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BOOK REVIEW: Beijing’s Global Media Offensive: China’s Uneven Campaign to Influence Asia and the World
By Joshua Kurlantzick. Oxford University Press. Hard cover, 560pp with notes and index, US$29.95.
By: Benjamin Blythe
In Joshua Kurlantzick’s book Beijing’s Global Media Offensive: China’s Uneven Campaign to Influence Asia and the World, he argues that while China has not succeeded in influencing media abroad to achieve its foreign policy goals in all aspects, both policymakers and ordinary people across the world should recognize “that Beijing will surely improve – a great deal, and rapidly” in both its influence and information strategies.
Kurlantzick’s book outlines how China’s tools for shaping overseas perceptions and reinforcing China’s broader foreign policy goals have been implemented in the past. He also suggests how other countries should respond to China’s rising challenge to international media freedom. His discussion of China’s various tactics to influence overseas media can be generally separated into “soft” and “sharp” power. He argues that the latter has been increasingly prominent in recent years.
While soft power is open cultural, economic, and academic engagement with other nations, sharp power is covert manipulation of other countries’ institutions to shape, and often distract, states’ foreign policy preferences. Kurlantzick argues that while China throughout the 1990s and 2000s favored a “charm offensive” of soft power, Xi Jinping and officials under his administrations have increasingly combined soft and sharp power tools to influence foreign perceptions of China. The global scope of these tools contradicts Chinese leaders’ claims that their foreign policy interests are narrowly focused on China’s own internal state security.
The book lays out numerous examples of the tactics Chinese leaders use to influence foreign countries’ leaders and citizens around the world, with focuses on Southeast Asia and developed Western and Asian democracies. His analysis relies on both personal experience as an international journalist, as well as a wide range of contemporary news reports from across the world. Through a variety of case studies of interventions by Chinese actors, he reveals the mixed outcomes of these tactics over time, geography, and political systems. Chinese media companies with either state ownership, such as CGTN and Xinhua, or heavy state involvement set up bureaus abroad and share content with their international counterparts to spread pro-China sentiment or distract from domestic controversies such as those in Xinjiang, Hong Kong, and Tibet.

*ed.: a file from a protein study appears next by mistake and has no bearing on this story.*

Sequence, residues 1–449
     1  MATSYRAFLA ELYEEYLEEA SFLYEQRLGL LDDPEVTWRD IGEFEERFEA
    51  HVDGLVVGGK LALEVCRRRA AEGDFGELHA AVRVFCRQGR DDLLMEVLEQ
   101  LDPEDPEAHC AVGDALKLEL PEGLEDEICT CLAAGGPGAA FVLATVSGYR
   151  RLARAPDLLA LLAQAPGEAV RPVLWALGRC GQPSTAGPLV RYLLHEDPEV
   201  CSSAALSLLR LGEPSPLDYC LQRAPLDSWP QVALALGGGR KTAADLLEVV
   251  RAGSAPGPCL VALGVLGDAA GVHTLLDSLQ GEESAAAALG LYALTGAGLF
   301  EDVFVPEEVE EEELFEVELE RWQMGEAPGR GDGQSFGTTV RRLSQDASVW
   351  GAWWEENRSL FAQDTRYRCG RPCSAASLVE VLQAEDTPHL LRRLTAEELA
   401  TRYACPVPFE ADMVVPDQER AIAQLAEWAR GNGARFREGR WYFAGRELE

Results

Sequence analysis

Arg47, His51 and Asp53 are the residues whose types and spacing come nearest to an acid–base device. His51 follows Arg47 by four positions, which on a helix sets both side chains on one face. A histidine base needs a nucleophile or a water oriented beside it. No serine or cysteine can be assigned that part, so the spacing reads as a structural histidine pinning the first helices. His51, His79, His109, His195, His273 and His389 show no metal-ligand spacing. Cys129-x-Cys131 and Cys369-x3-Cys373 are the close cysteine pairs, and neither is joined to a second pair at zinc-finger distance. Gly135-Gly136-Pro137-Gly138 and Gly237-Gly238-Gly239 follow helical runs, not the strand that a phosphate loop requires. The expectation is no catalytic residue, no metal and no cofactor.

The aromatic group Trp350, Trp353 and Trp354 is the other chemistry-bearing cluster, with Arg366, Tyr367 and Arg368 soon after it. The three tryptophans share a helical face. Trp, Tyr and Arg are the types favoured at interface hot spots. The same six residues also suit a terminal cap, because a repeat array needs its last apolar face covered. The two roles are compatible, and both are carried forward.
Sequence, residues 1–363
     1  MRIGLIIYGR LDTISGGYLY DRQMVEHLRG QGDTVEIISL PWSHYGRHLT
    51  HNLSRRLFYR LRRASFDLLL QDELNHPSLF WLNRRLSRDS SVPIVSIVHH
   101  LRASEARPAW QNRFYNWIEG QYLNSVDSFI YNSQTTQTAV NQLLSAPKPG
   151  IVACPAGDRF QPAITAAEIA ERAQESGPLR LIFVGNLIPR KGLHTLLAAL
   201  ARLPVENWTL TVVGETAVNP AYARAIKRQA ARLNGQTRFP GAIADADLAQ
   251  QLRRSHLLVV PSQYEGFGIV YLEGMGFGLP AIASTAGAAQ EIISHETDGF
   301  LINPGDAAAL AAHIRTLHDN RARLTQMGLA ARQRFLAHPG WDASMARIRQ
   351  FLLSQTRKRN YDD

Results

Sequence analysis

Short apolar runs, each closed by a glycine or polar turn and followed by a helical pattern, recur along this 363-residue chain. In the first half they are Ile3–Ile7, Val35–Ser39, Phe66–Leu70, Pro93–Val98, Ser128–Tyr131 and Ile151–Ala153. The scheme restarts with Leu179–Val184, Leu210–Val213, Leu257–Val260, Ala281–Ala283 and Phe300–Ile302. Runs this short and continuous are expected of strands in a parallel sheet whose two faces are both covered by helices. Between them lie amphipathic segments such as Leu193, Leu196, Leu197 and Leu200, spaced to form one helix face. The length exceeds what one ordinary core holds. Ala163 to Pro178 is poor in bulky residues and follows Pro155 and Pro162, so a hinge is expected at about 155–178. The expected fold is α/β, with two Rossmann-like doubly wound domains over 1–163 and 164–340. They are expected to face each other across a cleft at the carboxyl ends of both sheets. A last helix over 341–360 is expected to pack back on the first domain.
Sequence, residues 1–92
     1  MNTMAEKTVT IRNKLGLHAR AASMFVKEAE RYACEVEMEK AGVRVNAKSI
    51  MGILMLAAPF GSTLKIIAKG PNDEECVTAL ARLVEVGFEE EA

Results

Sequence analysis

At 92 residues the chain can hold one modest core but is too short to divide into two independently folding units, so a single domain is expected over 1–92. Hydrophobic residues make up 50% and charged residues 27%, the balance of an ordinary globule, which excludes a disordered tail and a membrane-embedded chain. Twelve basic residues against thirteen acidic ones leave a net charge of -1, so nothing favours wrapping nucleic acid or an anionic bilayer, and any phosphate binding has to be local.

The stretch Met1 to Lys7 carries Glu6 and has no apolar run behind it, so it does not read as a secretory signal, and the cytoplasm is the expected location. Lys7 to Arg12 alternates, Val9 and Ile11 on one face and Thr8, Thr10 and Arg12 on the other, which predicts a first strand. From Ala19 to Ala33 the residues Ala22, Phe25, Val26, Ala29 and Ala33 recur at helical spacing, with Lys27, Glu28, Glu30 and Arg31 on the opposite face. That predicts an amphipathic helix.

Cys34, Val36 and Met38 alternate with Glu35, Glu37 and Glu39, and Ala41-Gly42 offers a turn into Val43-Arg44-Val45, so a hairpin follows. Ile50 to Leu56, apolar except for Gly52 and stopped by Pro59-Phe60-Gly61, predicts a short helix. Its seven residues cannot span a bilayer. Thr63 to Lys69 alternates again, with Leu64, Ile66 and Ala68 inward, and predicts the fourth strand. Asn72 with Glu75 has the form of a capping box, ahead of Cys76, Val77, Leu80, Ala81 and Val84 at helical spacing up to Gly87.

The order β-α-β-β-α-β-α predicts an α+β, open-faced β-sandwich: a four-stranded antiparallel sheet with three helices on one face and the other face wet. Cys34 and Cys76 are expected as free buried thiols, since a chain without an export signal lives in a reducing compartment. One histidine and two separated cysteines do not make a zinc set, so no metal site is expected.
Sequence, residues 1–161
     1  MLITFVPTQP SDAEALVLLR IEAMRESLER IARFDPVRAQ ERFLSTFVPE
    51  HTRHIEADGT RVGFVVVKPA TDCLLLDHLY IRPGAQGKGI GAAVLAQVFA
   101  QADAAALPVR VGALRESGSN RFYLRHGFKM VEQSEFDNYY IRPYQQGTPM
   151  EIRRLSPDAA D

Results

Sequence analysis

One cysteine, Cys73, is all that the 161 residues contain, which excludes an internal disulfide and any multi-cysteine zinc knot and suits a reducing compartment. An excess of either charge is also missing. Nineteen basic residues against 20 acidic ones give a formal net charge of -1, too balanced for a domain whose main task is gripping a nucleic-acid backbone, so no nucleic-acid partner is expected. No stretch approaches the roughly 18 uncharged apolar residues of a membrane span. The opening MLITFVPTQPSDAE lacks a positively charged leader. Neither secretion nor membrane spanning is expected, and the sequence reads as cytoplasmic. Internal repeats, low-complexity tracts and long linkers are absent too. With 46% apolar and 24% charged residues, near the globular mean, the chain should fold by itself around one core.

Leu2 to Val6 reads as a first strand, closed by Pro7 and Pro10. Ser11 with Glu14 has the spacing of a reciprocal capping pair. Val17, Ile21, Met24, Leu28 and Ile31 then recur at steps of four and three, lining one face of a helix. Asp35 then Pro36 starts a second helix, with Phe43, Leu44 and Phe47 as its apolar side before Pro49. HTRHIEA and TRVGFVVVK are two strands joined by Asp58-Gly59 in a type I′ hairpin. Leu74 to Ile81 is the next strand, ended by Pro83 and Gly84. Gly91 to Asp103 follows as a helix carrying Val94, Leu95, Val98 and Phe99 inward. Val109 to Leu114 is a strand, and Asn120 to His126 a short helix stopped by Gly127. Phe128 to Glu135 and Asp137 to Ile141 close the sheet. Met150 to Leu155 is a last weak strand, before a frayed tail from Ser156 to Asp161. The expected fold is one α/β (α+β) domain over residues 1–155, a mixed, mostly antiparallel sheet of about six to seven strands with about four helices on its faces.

Beyond these explicit publications, Chinese media and telecommunications companies slip misleading stories “through the back door” of foreign outlets, which are published without attribution to Chinese state actors. These companies also support the spread of physical and digital telecommunications infrastructure susceptible to Chinese government oversight and censorship. However, these soft and sharp tactics are much more effective in countries with leaders and media institutions already susceptible to authoritarian tendencies, such as Cambodia, Myanmar, and Thailand. Despite the global decline in democracy, developed democratic states have proven to be more resilient to China’s media manipulation methods, with many countries like Australia, New Zealand, and increasingly the United States introducing policies to counter China’s tactics.
Beijing’s Global Media Offensive serves both as an overview of China’s international media impact and as a warning to policymakers and journalists of China’s rising capability to shape global narratives. This warning is especially applicable given that Russia has muddied the water in the international perception of its invasion of Ukraine and China is increasingly emulating the Russian media model. So far, misinformation spread by Chinese outlets has mostly either highlighted China’s geoeconomic impact abroad or downplayed domestic crises. The increasing technological sophistication of China’s telecommunication firms will not only increase the Chinese government’s capability to achieve these goals, but also potentially draw other nations into China’s orbit if conflicts over China’s territorial claims arise. As Kurlantzick notes, Western policymakers should be aware of the variety of methods for coercion China uses and tailor their own soft power tools to respond to Chinese attempts to shape the narratives on key regional and global issues.
Given the complexity of China’s global reach and the blurred lines between state and non-state actors, Kurlantzick provides an excellent analysis of the methods and motivations behind China’s overseas influence for both new and experienced China-watchers. His book weaves broader trends in Chinese media influence campaigns with key examples of Chinese intervention into foreign media. As a result, readers will walk away with both a wider perspective on China’s overall international media strategy, as well as what motivations drove actors both in China and abroad in specific cases of Chinese intervention into the global flow of information. In his recommendations for a path forward, Kurlantzick also considers the scope of China’s influence campaigns and takes into account how the United States and other developed democracies should distinguish between soft and sharp power programs in their responses. While the primary audience for this book seems to be Americans, citizens in other countries susceptible to Chinese influence across the world would benefit from understanding how and why Chinese actors use media institutions to shape the narrative on key global issues.
Benjamin Blythe is a graduate student at Indiana University's Hamilton Lugar School of Global and International Studies